The winning entries have been announced for the 10th iteration of the CTBUH International Student Tall Building Design Competition. Four winners have been selected from over 150 entries, including two teams hailing from Malaysia. The four winners focus on a variety of pressing topics in urbanism, with tall buildings that combat COVID-19, encourage innovation, repurpose waste, and strengthen biodiversity.
We have republished the winning entries below, complete with a project description. You can compare the 2021 winners with the previous year by checking out the 2020 winners here.
1st Place: Smart Cube +/Fast-Assembling COVID-19 Prevention Olympic Village, Tokyo
Chien-Hsun Chen, Han-Yu Lai, and Chun-Yi Yeh
National Taiwan University of Science and Technology, Taiwan
Project description: "The Tokyo 2020 Olympics were postponed by a year due to the COVID-19 pandemic. In this context, an athlete’s village is designed to prevent viral spread and minimize impact on the athletes’ health. The whole building is made up of rapidly assembled structures. It is designed to be divided between living layers, an anti-epidemic stratum, and athletic training layers, so as to reduce crowd risk and maintain the necessary training facilities for the athletes themselves."
2nd Place: INFLUX, Belgrade
University of Belgrade, Faculty of Architecture, Serbia
Project description: "The INFLUX high-rise, a co-living tower in Belgrade for young professionals, is a part of a strategy to curb “brain drain” by encouraging skilled technicians and scientists to remain in Serbia, or motivate young, educated people trained abroad to return or become transnational. Symbolically, the design is located in New Belgrade, a part of the city developed in the 1950s and initially populated by students, living in the pavilion dormitories of Student City. The budling, positioned at an attractive location in Block 17, aims to offer new opportunities and better living and working conditions that will attract talent and retain citizens."
3rd Place: Waste Rig - Pudu Eternal Market, Kuala Lumpur
Nik Muhammad Idzham Shah Abdul Hadi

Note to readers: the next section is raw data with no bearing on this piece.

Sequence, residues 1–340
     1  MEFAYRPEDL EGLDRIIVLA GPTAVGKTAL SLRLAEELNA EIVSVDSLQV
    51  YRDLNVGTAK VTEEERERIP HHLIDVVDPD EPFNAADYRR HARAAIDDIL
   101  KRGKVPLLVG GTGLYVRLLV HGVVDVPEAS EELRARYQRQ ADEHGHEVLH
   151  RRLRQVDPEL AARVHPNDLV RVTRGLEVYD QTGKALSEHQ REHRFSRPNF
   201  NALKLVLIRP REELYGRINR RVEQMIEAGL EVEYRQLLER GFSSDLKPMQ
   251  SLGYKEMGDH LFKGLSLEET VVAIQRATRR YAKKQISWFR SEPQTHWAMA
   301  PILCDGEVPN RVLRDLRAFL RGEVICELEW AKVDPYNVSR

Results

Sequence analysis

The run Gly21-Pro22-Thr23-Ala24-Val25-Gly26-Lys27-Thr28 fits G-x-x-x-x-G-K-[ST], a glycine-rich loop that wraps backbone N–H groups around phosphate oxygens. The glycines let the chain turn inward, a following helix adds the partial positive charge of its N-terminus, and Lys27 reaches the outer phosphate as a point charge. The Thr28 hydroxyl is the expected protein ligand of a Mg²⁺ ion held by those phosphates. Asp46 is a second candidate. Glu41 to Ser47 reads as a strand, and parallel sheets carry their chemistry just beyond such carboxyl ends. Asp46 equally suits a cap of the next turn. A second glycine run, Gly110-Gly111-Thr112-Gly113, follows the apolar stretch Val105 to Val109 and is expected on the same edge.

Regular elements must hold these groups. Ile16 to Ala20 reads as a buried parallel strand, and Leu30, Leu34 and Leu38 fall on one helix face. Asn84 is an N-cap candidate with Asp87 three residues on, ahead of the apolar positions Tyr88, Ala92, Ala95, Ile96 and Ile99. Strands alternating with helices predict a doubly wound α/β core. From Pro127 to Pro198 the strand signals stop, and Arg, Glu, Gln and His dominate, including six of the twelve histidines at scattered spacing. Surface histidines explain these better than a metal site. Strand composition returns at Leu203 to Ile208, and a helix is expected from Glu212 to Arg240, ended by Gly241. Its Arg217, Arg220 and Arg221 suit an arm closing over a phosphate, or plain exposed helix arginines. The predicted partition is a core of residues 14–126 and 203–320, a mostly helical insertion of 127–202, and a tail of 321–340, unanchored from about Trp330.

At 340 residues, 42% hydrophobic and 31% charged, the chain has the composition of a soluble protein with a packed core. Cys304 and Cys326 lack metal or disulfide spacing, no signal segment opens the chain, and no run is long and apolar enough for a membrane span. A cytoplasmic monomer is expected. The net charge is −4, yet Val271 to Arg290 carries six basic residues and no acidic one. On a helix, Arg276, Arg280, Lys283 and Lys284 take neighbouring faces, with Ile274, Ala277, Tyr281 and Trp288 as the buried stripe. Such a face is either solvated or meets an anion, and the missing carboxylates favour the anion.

Universiti Teknologi Mara, Malaysia
Project description: "Kuala Lumpur generates 3,500 metric tons of bio-waste daily. Pudu Market, once the city’s economic gem, has degenerated over time and earned a reputation for being unclean. The Waste Rig was conceived to manage the daily waste of the city and turn it into treasure. As a waste-to-energy plant with spaces for markets and other activity, the project contributes to a circular, thriving and more sustainable economy."
4th Place: The Seed, Kuala Lumpur
Lee Ze Bin, Chor Zhao Gen, Lim Chen Hee, Tan Yu Qin, and Lau Chi Ying
Universiti Tunku Abdul Rahman, Malaysia
Project description: "Rapid urbanization and excessive population growth have caused the fragmentation of the greenery in most of the cities around the world. People are living in a “concrete jungle” environment, under high pressure. The design concept of The Seed is intended to build a home for all humankind, flora and fauna, to celebrates the nature to which humans originally belong. The proposed tower is located in one of the city’s most prime zones, serving as a 'green catalyst' to attract local urban dwellers and tourists, leading to a substantial improvement in the living quality of the place. The Seed consists of modular containers intersecting between different themed farming platforms, the concept of which is inspired by the transverse plane of the plant that secures the harmonious coexistence between humankind and nature."
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